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The eyes see it all. The looming billboard of T.J. Eckleburg’s watchful gaze, faceless and omnipresent, glows in the spotlight of the theater. The spectacles, now synonymous with the F. Scott Fitzgerald’s masterpiece, to many considered an American treasure, confirms Twin City Stage’s production as undeniably Gatsby. However, even with the iconic disembodied visual, this production, and countless other attempts since the novel’s release, lacks little in terms of ambition, yet is unable to deliver as promised.
The Simon Levy adaptation does indeed maintain the lyrical flow of the original, which is surely why it is the exclusive authorized play of the Fitzgerald Estate. The story remains intact: love and deception run rampant through New York’s societal elite in the summer of 1922. Levy wisely emphasizes the character Nick Carraway’s first-person accounts as bystander to all happenings. Nick often ceases the action of the play by breaking the 4th wall, speaking directly to the audience and narrating the events.
The script in itself is merely adequate. Although the beauty of the text is well preserved, and all major components of the classic are delivered, it still at times feels far too hurried. The structural pace never allows the characters or audience the opportunity to stew in the emotional discomfort, amplified by summer heat, which pulsates throughout the novel.
Midway through the production, Nick turns from the stage and with attuned perception states, “…There must have been moments even then when Daisy tumbled short of his dreams – not through her own fault but because of the colossal vitality of his illusion.”
Of course this refers to Jay Gatsby’s sensitivity to the woman he loves, however it also seems directly congruent with the exalted aura surrounding The Great Gatsby as a literary staple, and how audiences receive its many re-envisionings. Possibly, there will never be a perfect adaption to equal the original.
However, this production certainly has many of the elements it needs to be triumphant. Costume designer, Justin Hall, achieves brilliance with a lush selection of Jazz-age authentic garb. The women were decked out in drop-waist dresses with flapper fringe or beaded embellishments. They had printed headscarves, avant-garde accessories, and deco-inspired jewelry. The men looked dapper in tailored tuxedos, contrasting vests, and bowties. Overall the fashion esthetic of the play luxuriated with aristocratic splendor of the roaring twenties.
The set, smartly done by director/scenic designer Mark Pirolo, monopolized the entirely of the stage while remaining relatively minimalistic. There was a large platform with stairs that served multiple purposes throughout the show, festive lanterns draping the stage, and screens that veiled specific actions taking place, stimulating intimacy among crowds. Danny Alvarez did an exquisite job of lighting the production. The delicate hues and shadows brought to life the flickering of party lights off the water, romantic starlit nights, and pastel summers.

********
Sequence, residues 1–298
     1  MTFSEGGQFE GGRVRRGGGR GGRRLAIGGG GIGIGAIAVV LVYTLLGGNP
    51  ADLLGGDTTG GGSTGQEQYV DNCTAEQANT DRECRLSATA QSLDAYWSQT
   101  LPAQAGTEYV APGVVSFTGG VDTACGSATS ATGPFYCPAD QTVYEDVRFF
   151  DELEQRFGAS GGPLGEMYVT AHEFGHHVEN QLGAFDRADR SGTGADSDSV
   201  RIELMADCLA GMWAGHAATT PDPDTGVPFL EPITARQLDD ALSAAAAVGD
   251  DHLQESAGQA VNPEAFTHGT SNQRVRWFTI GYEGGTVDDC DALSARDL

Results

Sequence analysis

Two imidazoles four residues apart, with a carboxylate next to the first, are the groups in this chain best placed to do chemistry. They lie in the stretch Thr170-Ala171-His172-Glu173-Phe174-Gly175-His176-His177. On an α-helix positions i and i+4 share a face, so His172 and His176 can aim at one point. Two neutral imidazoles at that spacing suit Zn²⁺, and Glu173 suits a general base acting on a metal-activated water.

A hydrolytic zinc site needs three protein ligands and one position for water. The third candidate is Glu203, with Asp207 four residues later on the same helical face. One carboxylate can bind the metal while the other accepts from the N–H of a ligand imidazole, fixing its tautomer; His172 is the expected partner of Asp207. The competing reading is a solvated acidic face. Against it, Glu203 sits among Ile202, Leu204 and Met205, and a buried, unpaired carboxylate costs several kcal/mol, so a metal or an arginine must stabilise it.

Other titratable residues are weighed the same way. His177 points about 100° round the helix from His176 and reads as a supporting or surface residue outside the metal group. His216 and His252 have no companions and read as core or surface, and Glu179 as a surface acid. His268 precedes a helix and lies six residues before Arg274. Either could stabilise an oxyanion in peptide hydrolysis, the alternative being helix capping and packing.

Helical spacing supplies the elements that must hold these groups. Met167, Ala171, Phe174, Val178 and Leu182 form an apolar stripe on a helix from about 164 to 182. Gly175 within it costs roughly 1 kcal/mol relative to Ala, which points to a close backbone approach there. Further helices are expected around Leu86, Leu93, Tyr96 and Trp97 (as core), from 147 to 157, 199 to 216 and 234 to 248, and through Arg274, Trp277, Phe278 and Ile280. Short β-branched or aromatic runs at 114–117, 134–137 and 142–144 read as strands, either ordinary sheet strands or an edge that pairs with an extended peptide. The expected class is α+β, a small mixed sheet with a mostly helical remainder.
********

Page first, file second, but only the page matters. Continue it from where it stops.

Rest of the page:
Unfortunately, this production fell short with its inconsistent cast. The success of the play depends greatly on balancing the flamboyant extravagance of energetic party scenes with the private emotional turmoil. Sadly, the ensemble moments felt limp with lifeless dancing and polite revelry. There was never a sense that Gatsby’s parties were a place where booze flowed freely in the height of Prohibition, where new styles of music and dance were still considered naughty and debaucherous, and that at any given moment the most fascinating thing could take place. There was a stifled element of vibrancy and fun.
Stephen Howard as Nick was perfectly delightful and charming, although more of his character’s gradual disenchantment as the play unfolded would have really propelled his performance. Patrick Meehan as the “hulking” Tom Buchanan was the strongest performance of the night. He was dominant and arrogant, while displaying a genuine affection for Daisy. Rene Lynn Walek was appropriately cast as the insolent and cool Jordan Baker.
The romantic chemistry was entirely absent between Miranda Lowder as Daisy and Jim French as Jay Gatsby. Lowder struggled to give complexity to a character that is overtly one-dimensional, flippant, and girlishly childish. Although French was visually an ideal fit for Gatsby, he did not quite master making the language and cadence his own. Across the board, the actors seemed to exhibit difficulty truly listening to one another and responding authentically. Therefore, relationships seemed forced, and the dialogue appeared as simply the reciting of lines instead of natural conversation.
To be fair, undertaking such an epically beloved story is no easy feat. There will always be the inevitable opposition, however the attempt should always be applauded. Successful or not, ambitious theatre is always courageous.
The Great Gatsby continues through Sunday, April 13. For more details on this production, please view the sidebar.